A Spanish cross


An idea based on the Spanish cross, written by Martyn Payne.

A cross with sky

On your marks

Finding ways to connect with the worldwide family of the Christian faith has been a growing area of interest both in churches and schools. Such windows into the multicultural and international practice of Christianity in today’s world are a vital resource to give us a true picture of what it means to be a global Christian in the 21st century. For Christians this is of course also important evidence of the continuing truth and power of the story of Jesus to influence lives and transform societies.

In A-cross the World (BRF, 2011), this connection to the big picture was through the symbol of the cross. Differing Christian traditions and various Christian faith communities around the world are united by this one key and central sign of a shared faith. This universal cross has at the same time been interpreted, designed and adapted to express a unique, local expression of that same faith. With each cross comes a particular story of how each community experiences God’s love and puts it into action.

Get set

Each of the crosses in this new series supplements the 40 crosses that can already be found in the book A-cross the World. With each there is a Bible link with wondering questions, background information about the cross, stories to share and craft ideas to make a version of the cross – providing enough material for a session with children in a church group, in the classroom or at a mixed-age event. There is also a picture provided for each cross that could be printed or used in a PowerPoint presentation in order to provide a talking point for groups or as a focus for collective worship.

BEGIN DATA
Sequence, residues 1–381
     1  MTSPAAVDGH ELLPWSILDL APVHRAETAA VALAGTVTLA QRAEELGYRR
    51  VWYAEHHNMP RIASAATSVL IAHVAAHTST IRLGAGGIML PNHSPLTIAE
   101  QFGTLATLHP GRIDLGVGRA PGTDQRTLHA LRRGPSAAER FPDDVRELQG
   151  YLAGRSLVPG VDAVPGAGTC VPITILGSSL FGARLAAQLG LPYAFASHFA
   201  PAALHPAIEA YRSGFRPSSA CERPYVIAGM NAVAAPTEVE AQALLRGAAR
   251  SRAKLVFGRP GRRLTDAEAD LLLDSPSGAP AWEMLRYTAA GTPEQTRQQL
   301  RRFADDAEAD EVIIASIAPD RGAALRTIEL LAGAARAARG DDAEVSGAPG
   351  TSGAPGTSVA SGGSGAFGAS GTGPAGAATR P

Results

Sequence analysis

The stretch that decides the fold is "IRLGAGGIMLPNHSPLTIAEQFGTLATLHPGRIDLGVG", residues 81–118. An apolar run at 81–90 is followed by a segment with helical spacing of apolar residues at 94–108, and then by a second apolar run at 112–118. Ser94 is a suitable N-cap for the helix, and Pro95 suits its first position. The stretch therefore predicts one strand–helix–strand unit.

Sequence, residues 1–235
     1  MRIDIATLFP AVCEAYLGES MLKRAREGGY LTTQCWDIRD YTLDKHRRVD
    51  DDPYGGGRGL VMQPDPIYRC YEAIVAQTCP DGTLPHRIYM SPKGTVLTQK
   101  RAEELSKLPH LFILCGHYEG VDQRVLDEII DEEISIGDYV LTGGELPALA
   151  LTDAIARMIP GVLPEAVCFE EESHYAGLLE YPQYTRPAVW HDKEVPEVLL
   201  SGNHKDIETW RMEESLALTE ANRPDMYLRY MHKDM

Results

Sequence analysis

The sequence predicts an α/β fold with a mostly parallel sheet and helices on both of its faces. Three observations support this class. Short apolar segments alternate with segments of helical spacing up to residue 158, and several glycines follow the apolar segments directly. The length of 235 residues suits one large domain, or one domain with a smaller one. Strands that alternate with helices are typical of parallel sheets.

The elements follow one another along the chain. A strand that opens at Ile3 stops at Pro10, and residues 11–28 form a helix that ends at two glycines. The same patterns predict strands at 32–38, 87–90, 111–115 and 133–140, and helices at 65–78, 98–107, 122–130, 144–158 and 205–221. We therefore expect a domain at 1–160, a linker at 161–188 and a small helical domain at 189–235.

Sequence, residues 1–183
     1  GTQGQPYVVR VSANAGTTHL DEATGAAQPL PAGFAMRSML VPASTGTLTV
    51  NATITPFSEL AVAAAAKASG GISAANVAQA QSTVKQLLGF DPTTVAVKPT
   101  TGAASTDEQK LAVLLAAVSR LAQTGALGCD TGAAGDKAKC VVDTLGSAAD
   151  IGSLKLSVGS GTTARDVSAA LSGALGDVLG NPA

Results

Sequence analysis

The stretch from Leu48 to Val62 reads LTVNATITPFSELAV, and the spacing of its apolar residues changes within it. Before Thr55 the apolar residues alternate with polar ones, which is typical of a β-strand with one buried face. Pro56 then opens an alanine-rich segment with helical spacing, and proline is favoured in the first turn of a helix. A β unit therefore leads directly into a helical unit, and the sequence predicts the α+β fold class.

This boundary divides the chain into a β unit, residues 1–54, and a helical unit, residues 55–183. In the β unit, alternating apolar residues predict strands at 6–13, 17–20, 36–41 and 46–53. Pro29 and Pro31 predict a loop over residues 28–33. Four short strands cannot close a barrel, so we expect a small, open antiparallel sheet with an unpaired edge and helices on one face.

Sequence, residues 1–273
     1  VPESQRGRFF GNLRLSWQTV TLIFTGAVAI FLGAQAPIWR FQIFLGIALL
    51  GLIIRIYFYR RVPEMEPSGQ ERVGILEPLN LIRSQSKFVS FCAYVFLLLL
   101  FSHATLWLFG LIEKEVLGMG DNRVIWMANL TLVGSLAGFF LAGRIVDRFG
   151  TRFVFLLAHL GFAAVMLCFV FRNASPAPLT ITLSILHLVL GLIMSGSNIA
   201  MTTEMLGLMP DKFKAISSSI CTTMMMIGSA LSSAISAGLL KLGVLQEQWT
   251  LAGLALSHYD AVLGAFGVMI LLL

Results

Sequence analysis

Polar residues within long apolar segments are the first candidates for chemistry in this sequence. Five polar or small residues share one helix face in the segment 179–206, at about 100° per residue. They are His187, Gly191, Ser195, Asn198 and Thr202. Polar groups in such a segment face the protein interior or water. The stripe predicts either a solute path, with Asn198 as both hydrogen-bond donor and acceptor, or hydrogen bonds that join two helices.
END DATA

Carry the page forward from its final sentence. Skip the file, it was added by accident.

This cross belongs to a series of new crosses and, as with the first collection, the overall aim remains the same, namely:

  • to enable children and adults to see the cross through the eyes of other cultures and traditions
  • to prompt discussion and debate on why this single, historical event continues to exercise such an influence worldwide
  • to explore how Christians in a wide variety of places, different times in history and in different circumstances, have lived purposeful lives because of their faith in a Christ, who died and who is risen – symbolised by the cross

For further cross ideas linked to the church’s year, go to:


To view an associated picture for this cross, go to A Spanish cross – picture

Bible Link

Be humble in the presence of God’s mighty power, and he will honour you when the time comes. God cares for you, so turn all your worries over to him.

1 Peter 5:6-7 (CEV)

Peter wrote his first letter to Christian believers who were facing threats and persecution. Again and again he points them to Jesus as their example of how to respond when things are tough. In these verses he urges them to hand over all their anxieties and fears to God in prayer.

Wondering about this Bible Story

I wonder why Peter had to remind his readers about prayer? Wasn’t that the obvious thing to do?

I wonder if there are any words in these verses that would help them believe that God really can relieve them of their worries?

I wonder how easy it is just to pray and leave all our worries with God? How can people be helped not to ‘pick them up’ again and go on worrying?

The story of the cross